For example, if you have a cluster of web servers, you could have a private network that only the web cluster members can access. You can create an entry for the members of the cluster in /etc/hosts and use their private address. Thus forcing network communications to go through the private network. It's important to note that the /etc/hosts is local to the system. Adding an entry to the /etc/hosts file does not add an entry into DNS. Here's an example /etc/hosts file.

You'll see the first line contains an entry for localhost. Remember that this is used by the loopback device for internal communications. The next line contains the public IP address of the system followed by the FQDN and then the short name. The third line contains a non-ratable IP address for webprod02. In this example, it's the private IP address of that system. There's another similar entry for webprod03 on the next line. The last line is an example that only contains one name, in this case, dbcluster.

Typically the /etc/hosts file is checked first before a DNS server is queried, but you can change this behavior by editing the /etc/nsswitch.conf file. NSS stands for name service switch, and it controls the order in which lookups are performed. The hosts line determines the order for name resolution. For example, if you have hosts, colon, files, DNS in the nsswitch.conf file, the /etc/hosts file will be searched first and then DNS. For example, if you have hosts, colon, files, DNS in the nsswitch.conf file, the /etc/hosts file will be searched first. If an IP address is found there, that IP address is used and the search stops. If it is not found, then DNS is queried. There are other services that can resolve hostnames as well. If you want to use NIS for name resolution, you can add it to the host line in the /etc/nsswitch.conf file.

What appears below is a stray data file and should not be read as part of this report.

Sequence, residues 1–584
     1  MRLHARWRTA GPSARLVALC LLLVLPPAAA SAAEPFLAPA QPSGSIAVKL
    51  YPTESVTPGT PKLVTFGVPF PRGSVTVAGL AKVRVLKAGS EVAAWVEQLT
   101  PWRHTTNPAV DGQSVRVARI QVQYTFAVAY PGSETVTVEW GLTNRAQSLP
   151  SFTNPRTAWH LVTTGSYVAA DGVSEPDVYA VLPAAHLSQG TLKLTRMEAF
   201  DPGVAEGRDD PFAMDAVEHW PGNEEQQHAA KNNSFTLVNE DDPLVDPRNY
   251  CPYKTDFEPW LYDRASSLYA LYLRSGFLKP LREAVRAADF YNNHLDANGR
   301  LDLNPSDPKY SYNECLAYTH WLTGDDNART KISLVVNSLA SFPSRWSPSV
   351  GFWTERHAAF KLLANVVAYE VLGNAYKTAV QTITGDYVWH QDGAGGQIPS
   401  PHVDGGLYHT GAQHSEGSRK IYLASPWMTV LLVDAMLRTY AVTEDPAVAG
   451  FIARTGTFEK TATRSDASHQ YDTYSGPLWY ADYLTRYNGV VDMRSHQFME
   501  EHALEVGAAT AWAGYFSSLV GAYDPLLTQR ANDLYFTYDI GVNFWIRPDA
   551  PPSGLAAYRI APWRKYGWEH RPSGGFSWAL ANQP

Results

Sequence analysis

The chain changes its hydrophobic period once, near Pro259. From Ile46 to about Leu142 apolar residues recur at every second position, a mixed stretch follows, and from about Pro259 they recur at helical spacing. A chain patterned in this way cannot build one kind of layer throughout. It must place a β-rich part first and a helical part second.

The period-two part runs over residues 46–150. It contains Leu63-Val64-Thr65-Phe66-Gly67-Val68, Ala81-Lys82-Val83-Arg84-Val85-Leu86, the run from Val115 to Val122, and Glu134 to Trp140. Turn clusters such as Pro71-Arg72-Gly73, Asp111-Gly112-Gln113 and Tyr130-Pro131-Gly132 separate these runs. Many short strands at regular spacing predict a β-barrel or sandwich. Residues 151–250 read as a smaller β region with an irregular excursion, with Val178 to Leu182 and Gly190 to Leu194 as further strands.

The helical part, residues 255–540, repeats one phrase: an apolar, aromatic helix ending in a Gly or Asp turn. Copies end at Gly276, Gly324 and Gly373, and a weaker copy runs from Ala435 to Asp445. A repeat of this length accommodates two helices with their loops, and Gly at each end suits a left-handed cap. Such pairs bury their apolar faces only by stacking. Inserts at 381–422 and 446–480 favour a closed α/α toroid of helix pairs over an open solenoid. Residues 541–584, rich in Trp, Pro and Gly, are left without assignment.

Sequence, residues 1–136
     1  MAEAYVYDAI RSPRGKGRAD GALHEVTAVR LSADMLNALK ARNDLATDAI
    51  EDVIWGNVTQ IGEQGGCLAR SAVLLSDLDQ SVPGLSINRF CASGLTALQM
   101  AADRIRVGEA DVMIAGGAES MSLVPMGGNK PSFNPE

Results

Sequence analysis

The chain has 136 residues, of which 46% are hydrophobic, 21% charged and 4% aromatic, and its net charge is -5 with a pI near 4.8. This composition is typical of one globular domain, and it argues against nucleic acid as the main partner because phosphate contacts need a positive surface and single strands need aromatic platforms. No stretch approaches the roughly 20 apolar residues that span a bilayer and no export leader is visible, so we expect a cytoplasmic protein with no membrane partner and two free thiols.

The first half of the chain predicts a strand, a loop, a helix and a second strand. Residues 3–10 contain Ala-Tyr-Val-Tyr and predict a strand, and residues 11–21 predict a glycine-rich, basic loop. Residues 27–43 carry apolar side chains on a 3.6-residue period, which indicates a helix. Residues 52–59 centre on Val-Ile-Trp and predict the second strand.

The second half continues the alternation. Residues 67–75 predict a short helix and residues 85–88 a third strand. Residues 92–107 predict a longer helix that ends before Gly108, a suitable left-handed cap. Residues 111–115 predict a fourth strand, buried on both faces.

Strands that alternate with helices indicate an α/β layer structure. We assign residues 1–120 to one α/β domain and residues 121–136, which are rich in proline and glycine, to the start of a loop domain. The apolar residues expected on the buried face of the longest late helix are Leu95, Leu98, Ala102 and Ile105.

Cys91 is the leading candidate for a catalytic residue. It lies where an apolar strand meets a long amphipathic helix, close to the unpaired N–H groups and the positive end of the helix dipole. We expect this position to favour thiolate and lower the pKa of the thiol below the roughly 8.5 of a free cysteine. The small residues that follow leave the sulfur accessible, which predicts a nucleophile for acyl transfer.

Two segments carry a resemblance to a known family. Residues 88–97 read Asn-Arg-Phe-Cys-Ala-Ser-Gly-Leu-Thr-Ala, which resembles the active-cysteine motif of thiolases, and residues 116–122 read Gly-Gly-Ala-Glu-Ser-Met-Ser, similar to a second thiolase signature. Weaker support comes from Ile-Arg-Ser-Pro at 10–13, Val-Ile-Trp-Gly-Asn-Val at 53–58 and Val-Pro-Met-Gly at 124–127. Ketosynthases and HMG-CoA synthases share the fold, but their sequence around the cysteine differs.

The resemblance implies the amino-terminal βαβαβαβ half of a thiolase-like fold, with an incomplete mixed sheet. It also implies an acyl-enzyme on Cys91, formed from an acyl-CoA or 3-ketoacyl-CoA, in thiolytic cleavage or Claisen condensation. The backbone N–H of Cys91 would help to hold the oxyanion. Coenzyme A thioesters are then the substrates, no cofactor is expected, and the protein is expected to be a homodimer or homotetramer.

In this lesson, you learned how you can see what IP addresses are assigned to the network interfaces on your Linux system. You also learned how to manually add IP addresses using the IP and ifconfig utilities. Next you learned how to set and get the hostname of a system. We also talked about DNS and using the host and dig utilities to resolve names and IP addresses. You learned how to make entries in the /etc/hosts file and how to control the order that name resolutions take place by using the /etc/nsswitch.conf file.

About the Author
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Jason Cannon
Founder, Linux Training Academy
Students
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Courses
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Jason is the founder of the Linux Training Academy as well as the author of "Linux for Beginners" and "Command Line Kung Fu." He has over 20 years of professional Linux experience, having worked for industry leaders such as Hewlett-Packard, Xerox, UPS, FireEye, and Amazon.com. Nothing gives him more satisfaction than knowing he has helped thousands of IT professionals level up their careers through his many books and courses.